So, this is a new feature called Blind Spots that I'm going to be doing on this blog. It'll give me a chance to write about movies or albums or whatever that I missed during their initial run. I'll write them in the style of Consumables and, ideally, this exercise of going back will help me fill in some gaps. I'll write these whenever the spirit moves me.
Here's a movie that worked on me despite itself. Documentary filmmaker Nanette Burstein (who co-directed the equally shallow The Kid Stays in the Picture) journeyed to an Indiana small town to follow a bunch of students over the course of their senior year. American Teen was the result, a deeply slick gloss of all the stereotypes we remember from our adolescence -- the jock, the bitchy popular girl, the cool artistic outsider. The narrative structure is everything you've come to hate from the proliferation of reality TV in the last decade -- every conflict has a resolution, every single second of real life is part of a story arc.
But, as I said, I have to admit that the film touched me. Perhaps not even realizing it, Burstein does her best work when showing her subjects' thought process when it comes to choosing a college. American Teen does a fine job illuminating that most crucial of early decisions in a person's life -- what a momentous decision at such a young age. And while Burstein doesn't tell me anything I don't know about adolescent boys, she seems to have gotten to the root of young women's insecurities. The charge against American Teen that the filmmaker's cameras inspired the students to act out is fair, but there is a benefit -- Burstein's young ladies really open up and seem comfortable around her.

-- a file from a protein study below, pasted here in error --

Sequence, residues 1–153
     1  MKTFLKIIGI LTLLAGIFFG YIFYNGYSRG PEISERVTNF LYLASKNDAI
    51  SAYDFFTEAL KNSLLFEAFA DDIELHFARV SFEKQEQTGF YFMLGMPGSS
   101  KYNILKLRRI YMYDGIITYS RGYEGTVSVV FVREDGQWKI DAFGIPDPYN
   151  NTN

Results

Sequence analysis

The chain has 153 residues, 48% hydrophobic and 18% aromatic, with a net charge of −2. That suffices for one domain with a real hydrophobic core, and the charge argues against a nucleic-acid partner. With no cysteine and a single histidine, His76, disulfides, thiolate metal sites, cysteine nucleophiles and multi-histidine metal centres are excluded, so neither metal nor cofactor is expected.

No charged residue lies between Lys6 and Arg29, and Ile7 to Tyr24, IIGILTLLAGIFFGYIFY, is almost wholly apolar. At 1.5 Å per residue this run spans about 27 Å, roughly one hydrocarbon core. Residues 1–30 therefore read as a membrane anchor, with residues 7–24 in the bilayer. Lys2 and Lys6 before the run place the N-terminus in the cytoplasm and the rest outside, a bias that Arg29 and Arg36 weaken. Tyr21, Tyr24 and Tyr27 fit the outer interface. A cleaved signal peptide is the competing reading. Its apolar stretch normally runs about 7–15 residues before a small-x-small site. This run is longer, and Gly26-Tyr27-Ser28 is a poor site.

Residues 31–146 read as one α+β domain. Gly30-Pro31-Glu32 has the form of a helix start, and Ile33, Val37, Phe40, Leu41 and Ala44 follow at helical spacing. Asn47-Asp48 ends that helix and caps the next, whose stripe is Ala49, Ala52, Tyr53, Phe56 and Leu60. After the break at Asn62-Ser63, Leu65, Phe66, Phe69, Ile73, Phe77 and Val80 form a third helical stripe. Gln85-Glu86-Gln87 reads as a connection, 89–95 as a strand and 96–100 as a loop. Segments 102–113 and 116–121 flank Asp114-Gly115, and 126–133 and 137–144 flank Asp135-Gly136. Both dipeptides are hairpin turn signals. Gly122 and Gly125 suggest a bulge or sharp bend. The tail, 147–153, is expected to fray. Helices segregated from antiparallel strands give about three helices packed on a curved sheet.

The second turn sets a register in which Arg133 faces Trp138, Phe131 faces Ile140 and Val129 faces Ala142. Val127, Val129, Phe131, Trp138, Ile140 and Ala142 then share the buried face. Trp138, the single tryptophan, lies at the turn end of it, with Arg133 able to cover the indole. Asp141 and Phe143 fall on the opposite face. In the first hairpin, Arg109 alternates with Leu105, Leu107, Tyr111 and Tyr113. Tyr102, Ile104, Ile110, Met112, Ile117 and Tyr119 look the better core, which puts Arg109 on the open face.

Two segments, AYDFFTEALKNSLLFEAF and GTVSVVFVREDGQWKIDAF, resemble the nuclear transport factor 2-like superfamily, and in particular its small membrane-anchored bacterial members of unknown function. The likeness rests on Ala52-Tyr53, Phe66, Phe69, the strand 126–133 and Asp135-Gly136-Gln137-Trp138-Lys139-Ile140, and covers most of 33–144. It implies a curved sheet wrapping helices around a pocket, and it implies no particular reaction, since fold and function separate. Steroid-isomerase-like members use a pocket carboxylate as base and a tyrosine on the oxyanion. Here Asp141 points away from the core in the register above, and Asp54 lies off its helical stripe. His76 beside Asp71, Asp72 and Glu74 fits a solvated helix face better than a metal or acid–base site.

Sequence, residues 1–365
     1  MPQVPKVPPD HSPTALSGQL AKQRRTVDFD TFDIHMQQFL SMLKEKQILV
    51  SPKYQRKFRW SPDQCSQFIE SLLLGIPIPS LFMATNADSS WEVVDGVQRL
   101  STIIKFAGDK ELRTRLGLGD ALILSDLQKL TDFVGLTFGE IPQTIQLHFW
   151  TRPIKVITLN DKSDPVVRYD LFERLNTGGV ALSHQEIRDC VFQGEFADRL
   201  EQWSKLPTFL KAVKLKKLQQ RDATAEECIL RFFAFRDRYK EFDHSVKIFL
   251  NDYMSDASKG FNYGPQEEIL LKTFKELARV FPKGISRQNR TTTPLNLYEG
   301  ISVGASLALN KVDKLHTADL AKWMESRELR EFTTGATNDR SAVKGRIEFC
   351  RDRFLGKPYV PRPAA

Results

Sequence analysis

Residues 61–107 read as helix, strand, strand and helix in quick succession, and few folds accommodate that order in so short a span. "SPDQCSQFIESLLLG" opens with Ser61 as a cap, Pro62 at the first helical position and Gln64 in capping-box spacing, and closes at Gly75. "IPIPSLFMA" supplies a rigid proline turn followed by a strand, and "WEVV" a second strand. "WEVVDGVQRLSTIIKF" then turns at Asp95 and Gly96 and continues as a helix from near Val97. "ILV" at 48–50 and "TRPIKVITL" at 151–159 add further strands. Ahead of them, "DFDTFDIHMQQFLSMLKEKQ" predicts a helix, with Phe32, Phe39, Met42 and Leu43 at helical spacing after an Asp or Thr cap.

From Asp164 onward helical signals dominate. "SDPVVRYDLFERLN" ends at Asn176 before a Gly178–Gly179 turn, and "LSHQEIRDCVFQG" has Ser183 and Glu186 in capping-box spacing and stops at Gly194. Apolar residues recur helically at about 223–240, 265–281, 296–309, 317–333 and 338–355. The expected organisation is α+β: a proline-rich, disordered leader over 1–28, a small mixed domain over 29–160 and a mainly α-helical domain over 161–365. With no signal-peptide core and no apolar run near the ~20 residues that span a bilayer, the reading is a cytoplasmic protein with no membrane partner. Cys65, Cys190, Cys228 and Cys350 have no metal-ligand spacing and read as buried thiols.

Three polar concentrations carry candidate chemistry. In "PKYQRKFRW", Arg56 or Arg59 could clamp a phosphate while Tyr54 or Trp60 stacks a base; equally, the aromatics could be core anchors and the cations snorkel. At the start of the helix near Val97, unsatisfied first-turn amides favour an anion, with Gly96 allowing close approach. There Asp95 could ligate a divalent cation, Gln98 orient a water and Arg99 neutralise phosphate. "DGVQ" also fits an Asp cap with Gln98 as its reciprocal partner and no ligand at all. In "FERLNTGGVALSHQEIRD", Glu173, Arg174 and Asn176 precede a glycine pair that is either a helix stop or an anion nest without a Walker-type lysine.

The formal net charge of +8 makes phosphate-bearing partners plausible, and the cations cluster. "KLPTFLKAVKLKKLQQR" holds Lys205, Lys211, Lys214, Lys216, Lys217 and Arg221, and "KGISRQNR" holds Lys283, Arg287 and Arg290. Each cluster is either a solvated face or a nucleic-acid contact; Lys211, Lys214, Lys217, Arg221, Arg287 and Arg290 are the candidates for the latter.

Still, a movie like American Teen irritates me because it's yet another documentary that's more of a documentary-lite. There aren't really that many observations or insights to it -- but, it's, y'know, real life, so that means it's true.